MySQL is an open source relational database system that, like Linux, started its history as a personal side project. Over its 25 years of history, MySQL has gained significant traction, and today a broad range of companies, such as Sony and Uber, use it to run their multi-petabyte mission-critical databases.

In a way, MySQL has been a victim of its own success. It’s easy enough to run that developers may take it for granted and assume it doesn’t need supervision. In reality, MySQL is a complex system with a delicate balance you must monitor closely. It exposes a lot of useful metrics you can’t afford to miss because they highlight where bottlenecks are, when it’s time to upgrade, and what queries you should optimize.

Like most relational databases, MySQL organizes data using databases (also called schemas) and tables. However, MySQL has a unique modular architecture that lets you choose the best low-level storage engine for the job. MySQL exposes its inner workings in all these levels through dozens of metrics.

MySQL is also extremely flexible. You can run it as a single instance, as a primary-secondary cluster, thank to replication, or in multi-master mode. And third-party solutions like Vitess allow you to create horizontally-scaled clusters.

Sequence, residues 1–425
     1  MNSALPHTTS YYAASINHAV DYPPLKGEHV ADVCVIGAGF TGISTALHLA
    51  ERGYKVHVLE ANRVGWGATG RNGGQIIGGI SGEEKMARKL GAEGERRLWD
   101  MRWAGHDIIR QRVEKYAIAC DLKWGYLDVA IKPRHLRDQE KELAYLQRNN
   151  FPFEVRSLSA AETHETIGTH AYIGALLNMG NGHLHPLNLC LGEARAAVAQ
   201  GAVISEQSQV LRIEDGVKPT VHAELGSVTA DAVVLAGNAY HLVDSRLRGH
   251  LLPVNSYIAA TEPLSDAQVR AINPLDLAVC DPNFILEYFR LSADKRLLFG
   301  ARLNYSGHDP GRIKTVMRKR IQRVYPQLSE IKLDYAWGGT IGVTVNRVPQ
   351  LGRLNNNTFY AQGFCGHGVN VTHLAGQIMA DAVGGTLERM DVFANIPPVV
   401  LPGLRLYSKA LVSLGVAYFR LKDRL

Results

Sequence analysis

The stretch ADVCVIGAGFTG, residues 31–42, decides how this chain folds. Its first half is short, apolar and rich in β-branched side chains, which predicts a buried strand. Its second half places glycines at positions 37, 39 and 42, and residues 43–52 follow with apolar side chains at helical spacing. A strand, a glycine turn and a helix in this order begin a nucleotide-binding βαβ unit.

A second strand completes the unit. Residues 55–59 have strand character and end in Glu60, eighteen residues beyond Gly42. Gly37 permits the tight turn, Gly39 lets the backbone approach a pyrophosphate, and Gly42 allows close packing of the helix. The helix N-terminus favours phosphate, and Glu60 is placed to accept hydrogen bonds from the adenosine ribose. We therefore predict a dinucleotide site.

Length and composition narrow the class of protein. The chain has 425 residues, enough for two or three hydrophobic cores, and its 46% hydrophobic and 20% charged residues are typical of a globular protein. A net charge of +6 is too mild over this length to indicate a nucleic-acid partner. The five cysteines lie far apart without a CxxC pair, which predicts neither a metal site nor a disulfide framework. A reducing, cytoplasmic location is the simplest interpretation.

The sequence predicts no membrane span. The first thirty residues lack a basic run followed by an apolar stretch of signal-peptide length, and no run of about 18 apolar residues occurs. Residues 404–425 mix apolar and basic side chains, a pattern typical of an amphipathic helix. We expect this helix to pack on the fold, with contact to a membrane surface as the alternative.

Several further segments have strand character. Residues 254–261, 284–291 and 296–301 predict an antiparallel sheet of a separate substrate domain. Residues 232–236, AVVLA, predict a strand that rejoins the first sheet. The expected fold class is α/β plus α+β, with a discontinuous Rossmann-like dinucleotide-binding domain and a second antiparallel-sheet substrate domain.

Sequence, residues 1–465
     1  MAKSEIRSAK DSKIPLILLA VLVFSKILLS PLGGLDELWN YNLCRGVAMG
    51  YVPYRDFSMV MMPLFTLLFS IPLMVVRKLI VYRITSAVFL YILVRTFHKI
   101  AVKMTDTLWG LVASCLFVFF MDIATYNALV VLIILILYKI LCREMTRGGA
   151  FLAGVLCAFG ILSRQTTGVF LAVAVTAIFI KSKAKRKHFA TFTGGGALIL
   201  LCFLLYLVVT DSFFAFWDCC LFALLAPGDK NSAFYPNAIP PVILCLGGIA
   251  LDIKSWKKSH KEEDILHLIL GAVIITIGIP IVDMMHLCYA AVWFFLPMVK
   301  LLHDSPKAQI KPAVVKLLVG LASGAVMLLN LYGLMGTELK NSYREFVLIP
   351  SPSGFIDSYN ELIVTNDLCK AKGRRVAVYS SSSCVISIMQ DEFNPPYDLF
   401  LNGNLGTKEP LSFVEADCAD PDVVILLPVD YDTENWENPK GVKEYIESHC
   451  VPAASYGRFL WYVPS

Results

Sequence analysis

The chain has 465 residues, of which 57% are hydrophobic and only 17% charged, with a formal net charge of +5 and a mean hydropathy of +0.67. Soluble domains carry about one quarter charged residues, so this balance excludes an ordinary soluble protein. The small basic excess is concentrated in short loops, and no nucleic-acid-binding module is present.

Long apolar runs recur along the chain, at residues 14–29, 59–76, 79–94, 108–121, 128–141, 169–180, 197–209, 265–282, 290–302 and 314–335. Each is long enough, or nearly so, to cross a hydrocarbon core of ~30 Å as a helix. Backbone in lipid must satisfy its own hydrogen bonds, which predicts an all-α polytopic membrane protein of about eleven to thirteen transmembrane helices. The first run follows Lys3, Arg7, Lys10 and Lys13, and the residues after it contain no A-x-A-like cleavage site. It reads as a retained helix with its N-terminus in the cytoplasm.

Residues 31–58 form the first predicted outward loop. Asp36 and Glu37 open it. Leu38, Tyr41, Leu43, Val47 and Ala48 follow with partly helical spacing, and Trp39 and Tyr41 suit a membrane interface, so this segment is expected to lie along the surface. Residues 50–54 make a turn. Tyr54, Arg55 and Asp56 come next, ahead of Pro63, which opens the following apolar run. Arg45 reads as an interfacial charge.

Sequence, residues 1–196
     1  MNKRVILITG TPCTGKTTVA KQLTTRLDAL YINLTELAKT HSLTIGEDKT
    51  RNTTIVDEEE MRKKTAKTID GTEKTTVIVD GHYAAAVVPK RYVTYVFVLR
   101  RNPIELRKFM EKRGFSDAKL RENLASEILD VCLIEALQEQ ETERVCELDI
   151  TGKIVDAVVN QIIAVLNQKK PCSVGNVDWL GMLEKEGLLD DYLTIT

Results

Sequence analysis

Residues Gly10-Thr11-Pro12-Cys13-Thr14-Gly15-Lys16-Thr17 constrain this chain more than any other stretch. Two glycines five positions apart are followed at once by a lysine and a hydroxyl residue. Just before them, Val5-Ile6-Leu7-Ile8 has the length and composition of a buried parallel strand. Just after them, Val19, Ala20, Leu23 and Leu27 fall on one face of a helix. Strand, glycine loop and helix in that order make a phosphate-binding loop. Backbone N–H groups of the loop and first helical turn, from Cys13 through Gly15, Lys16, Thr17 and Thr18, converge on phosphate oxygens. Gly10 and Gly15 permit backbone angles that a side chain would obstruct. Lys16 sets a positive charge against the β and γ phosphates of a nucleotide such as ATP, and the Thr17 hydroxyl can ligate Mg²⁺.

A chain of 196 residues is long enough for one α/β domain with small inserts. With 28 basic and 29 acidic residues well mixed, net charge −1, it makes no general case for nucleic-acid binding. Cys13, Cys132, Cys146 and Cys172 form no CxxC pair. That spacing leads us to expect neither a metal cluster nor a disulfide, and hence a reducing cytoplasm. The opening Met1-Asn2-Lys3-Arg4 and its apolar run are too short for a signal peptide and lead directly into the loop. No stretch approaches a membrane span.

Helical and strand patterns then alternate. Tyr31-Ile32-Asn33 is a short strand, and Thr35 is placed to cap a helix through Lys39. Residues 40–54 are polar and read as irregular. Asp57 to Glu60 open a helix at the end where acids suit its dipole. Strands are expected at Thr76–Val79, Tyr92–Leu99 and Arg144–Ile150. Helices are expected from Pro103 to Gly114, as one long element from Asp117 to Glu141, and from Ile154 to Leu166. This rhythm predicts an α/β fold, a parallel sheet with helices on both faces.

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Key MySQL Metrics to Monitor

Let's start by reviewing some of the most important metrics to monitor in any MySQL instance. To view all available metrics, check out our MySQL integration docs (which we’ll walk through setting up below).


It may sound self-evident, but many teams set alerts for server downtime while forgetting to monitor the MySQL process itself. When the database is down, you want to get notified immediately.


MySQL sets a hard limit on the number of simultaneous connections. When you reach it, new connections are blocked until someone disconnects.

MySQL allows 151 connections by default. Changing the limit is simple:

SET GLOBAL max_connections = 200;

Bear in mind that each connection needs at least 3MB, so always try to keep the number of connections as small as possible.

To determine the optimum number of connections to set, monitor three metrics:

  • net.maxUsedConnections: The maximum number of connections recorded since the database started. Use this value as a reference to set max_connections.
  • net.threadsConnected: The current number of active connections.
  • net.connectionErrorsMaxConnectionsPerSecond: The number of connections failed per second due to the max_connections limit being reached. If the value is higher than zero, you need to either raise the limit, set up connection pools for your applications, or consider installing a load balancer like ProxySQL.

Network issues and buggy clients can also affect MySQL connections. Watch net.abortedClientsPerSecond to detect applications not closing connections properly. A high rate usually indicates problems in the network.